5 Languages Spotlight: Acts of Service
“Don’t tell me you care; show me.” This is a phrase often heard from those whose preferred language of appreciation is Acts of Service. For them, actions will always speak louder than words and they feel appreciated when others reach out to help.
Over 1 in 5 employees (22%) have Acts of Service as their primary language of appreciation (with another 15% having it as their secondary language). So over one third of your coworkers value appreciation shown through practical actions that will help them do their work more effectively.
How you help out a colleague really is situation specific. It depends on the type of office and on the role the individual has in that setting. A nurse in a hospital, an elementary school teacher, or a business office manager would each have their own list of acts of service that would be helpful to them. But we’ve put together some basic suggestions for showing appreciation to those whose preferred language is Acts of Service.
Ask before you help. It is always critical to ask first when considering helping a colleague. Even when you know an individual’s primary language of appreciation is Acts of Service, you need to check with them first to see if they would like assistance on their current task. If you dive in to help on a task when the coworker does not want help, it can create tension rather than encouragement.
Serve voluntarily. For an act of service to be encouraging to a colleague, the action needs to be offered voluntarily. An act of service done under duress of a supervisor ceases to become an expression of appreciation; it becomes simply an act of duty or obedience.
Check your attitude. There is an ancient proverb that says, “Work done with a cheerful attitude is like rain falling on the desert.” We think the opposite is also true. Work done with a negative attitude is like a sandstorm blowing through the desert. Receiving help from someone who is grumpy or who resents having to help is not encouraging.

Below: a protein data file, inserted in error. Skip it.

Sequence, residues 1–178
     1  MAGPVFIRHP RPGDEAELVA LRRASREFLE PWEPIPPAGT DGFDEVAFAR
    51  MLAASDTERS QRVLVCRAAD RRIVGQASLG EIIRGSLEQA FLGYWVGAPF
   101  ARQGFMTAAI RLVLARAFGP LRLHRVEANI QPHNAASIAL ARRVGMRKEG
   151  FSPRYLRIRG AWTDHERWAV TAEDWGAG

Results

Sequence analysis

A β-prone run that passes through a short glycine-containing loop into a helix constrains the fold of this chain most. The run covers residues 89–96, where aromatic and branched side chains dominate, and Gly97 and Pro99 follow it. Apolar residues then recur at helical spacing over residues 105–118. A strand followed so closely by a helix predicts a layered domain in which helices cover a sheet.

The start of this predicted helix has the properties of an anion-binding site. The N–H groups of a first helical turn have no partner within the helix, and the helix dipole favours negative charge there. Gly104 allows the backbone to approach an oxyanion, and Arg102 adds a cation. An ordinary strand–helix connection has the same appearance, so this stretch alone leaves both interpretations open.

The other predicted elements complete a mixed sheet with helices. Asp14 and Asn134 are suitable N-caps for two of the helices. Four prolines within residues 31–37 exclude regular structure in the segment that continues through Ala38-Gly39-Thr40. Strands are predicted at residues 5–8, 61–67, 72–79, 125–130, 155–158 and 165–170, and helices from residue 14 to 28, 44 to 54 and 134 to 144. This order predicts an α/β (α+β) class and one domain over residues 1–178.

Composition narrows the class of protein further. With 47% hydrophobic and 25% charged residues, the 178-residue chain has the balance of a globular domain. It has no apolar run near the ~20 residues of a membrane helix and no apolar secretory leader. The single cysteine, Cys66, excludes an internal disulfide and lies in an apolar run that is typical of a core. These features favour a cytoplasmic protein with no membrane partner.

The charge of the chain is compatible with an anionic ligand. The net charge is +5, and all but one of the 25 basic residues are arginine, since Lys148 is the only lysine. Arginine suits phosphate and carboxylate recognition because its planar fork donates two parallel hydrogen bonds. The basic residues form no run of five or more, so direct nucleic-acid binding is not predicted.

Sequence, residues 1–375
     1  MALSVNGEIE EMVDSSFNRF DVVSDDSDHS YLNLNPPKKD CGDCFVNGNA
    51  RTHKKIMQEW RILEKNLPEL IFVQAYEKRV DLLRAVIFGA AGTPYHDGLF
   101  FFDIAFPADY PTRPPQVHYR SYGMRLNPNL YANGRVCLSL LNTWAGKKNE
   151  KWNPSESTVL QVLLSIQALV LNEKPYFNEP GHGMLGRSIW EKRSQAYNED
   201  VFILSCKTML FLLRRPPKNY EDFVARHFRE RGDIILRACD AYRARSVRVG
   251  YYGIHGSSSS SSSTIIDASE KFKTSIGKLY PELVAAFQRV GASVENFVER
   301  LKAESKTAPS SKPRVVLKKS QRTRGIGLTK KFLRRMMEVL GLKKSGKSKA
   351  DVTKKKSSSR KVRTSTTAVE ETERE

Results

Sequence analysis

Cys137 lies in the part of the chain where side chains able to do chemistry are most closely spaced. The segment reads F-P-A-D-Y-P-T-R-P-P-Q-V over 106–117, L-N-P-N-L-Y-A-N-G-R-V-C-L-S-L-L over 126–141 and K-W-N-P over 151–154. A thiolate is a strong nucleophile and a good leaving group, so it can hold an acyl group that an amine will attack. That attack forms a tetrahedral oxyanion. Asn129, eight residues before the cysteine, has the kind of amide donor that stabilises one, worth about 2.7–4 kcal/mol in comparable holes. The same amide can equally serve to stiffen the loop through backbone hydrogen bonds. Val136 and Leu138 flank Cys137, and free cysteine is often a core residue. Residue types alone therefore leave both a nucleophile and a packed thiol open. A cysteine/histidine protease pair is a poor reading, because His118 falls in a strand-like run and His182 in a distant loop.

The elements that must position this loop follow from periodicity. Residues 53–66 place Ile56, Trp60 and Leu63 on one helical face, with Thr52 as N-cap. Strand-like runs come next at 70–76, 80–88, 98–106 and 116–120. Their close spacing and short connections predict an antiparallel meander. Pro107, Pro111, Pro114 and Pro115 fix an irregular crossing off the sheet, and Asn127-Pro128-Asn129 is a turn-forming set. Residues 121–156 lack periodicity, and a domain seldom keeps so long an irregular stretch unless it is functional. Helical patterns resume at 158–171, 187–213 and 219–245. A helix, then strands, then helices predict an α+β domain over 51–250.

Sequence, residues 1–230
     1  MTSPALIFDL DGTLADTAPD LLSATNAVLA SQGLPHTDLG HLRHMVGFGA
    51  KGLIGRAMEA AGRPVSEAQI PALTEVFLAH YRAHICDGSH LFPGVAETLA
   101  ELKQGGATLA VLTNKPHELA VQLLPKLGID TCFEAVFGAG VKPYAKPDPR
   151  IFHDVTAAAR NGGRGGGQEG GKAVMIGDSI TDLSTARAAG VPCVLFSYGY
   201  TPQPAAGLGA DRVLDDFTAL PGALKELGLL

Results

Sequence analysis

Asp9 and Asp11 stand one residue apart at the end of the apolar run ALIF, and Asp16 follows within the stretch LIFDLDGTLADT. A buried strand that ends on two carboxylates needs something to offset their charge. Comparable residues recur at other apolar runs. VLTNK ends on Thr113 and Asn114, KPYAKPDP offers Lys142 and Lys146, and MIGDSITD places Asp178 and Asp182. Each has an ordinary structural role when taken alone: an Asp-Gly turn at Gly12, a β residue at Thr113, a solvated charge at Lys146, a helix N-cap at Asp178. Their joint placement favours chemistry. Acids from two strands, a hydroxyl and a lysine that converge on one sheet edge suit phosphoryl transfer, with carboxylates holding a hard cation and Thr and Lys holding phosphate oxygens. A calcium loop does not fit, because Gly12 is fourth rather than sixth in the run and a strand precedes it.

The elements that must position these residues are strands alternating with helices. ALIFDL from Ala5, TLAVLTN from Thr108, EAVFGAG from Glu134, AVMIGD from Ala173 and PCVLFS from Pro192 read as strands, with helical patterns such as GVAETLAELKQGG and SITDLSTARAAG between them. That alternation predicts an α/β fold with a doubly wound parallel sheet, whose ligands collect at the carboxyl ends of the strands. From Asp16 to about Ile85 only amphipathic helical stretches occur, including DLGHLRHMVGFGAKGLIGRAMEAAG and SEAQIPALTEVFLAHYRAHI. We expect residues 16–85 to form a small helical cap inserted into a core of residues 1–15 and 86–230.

Do it their way. When helping out a colleague, it is important to clarify how they want the task done. If you want your efforts to be appreciated, you must be willing to do it in such a way that the individual you are helping will feel that the task was done right and at the quality level they desire.
Complete what you start. For those individuals for whom acts of service are important, one way not to encourage them is to start a task and then leave it incomplete. If you are going to help, make sure to get the task done. Or, alternatively, tell them how much time you have available to help.
Helping with a specific work project isn’t the only way to show appreciation to those who value Acts of Service. Other ideas for encouragement include:
- Bringing them (or their team) some food when they are working long hours.
- Offer to do some simple tasks – like filing or photocopying – so that they can focus on a higher priority.
- Stay after hours to assist them at an event.
- Volunteer to do some work for them that they dislike or are not good at, like collating files or fixing a technical problem with a presentation.
- Provide extra assistance when they are getting ready for a big event or presentation
Discovering the specific service that would be most meaningful to them may be as easy as asking the question, “Is there anything I could do for you that would make your work go better for you this week?” Their answer may surprise you, but you will now have valuable information on how you can most effectively express appreciation to that particular individual.
Use the MBA Inventory to learn more about your (and your co-workers’) preferred languages of appreciation.
Categories 5 Languages of Appreciation in the Workplace, Acts of Service, Appreciation, Managing By Appreciation, Workplace Culture